Filipino

How I Reclaimed Filipino Food After Finding Out I Was Allergic to It

June 21, 2018

My whole life, there was always a bottle of soy sauce on the dinner table. Anytime you wanted an extra sprinkle of umami, it was ready and available for consumption. Growing up with a Filipino mom, when I was hungry and wanted a snack, the go-to was a bowl of white rice and soy sauce. And in my family it wasn't just any soy sauce—it was always Silver Swan.

“Soy sauce is eternal,” says South Korean nun Jeong Kwan. “It is life itself.”

She couldn’t be more right.

Photo by Mark Weinberg

Pancit, bistek, lumpia, most of the dipping sauces. Obviously adobo is marinated in soy sauce. When you’re Filipino, soy sauce is eternal, it is life, it’s in everything. If it’s not in a dish, it’s added later, at the dinner table, as a seasoning. Where salt and pepper shakers are ubiquitous to the American table, the Filipino table has soy sauce.

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But as I got older, I started seeing symptoms whenever I ate soy sauce: stomach aches, puffy skin, eczema. Over time, the reactions got worse. It went from stomach aches and eczema to fibromyalgia, headaches, and joint pain. Through process of elimination, I was able to trace the reactions back to my soy intake. Years later, I would officially get diagnosed with a rare immunological disorder called Mast Cell Activation Syndrome (MCAS), which means I’m allergic to a great many things: mushrooms, matcha, most dairy, sometimes fermented things, sometimes shellfish, soy.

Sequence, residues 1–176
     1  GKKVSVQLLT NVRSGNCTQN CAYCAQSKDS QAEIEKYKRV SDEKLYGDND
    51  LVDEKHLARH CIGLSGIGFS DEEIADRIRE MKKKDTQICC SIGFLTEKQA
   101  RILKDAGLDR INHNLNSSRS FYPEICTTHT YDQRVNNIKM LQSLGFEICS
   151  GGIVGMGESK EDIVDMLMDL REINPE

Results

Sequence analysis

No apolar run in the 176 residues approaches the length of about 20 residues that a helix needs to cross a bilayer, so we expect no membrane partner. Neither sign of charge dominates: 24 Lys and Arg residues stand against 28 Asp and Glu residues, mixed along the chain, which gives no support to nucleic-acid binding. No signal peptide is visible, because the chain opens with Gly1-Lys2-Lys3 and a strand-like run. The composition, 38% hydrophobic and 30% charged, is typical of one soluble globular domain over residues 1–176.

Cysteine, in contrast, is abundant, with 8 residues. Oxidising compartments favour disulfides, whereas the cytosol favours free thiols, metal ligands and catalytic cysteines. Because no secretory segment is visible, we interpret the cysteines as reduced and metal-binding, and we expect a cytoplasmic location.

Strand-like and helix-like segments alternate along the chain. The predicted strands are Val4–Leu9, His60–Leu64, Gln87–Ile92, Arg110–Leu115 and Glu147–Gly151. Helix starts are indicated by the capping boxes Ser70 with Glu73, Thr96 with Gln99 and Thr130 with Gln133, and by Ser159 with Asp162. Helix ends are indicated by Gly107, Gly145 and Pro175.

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Top Comment:
“Worcestershire sauce, at any rate the Lea & Perrins brand, contains neither soy nor gluten, and would make a delicious alternative to soy sauce. It has been a ubiquitous seasoning and condiment at our house for generations, and I can vouch for the fact that it will stand up with the rest of the best when it comes to umami. ”
— la G.
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I was confused. I’d been eating tofu, pancit, adobo—Filipino food laden with soy—my whole life. How could I be allergic to it?


You’d be surprised at how many products at the grocery store contain soy: the majority of prepackaged, frozen, and processed foods; bagged grocery bread, pita, wraps, crackers, hummus, ice cream, granola bars, mayonnaise, marinades, sauces, cereals, and cookies; all vegetable oil. I had to stop shopping at Trader Joe’s completely because everything there is laced with soybean oil! Even potato chips (again, the oil). I challenge you to go to the grocery and start reading labels from the soy-free perspective.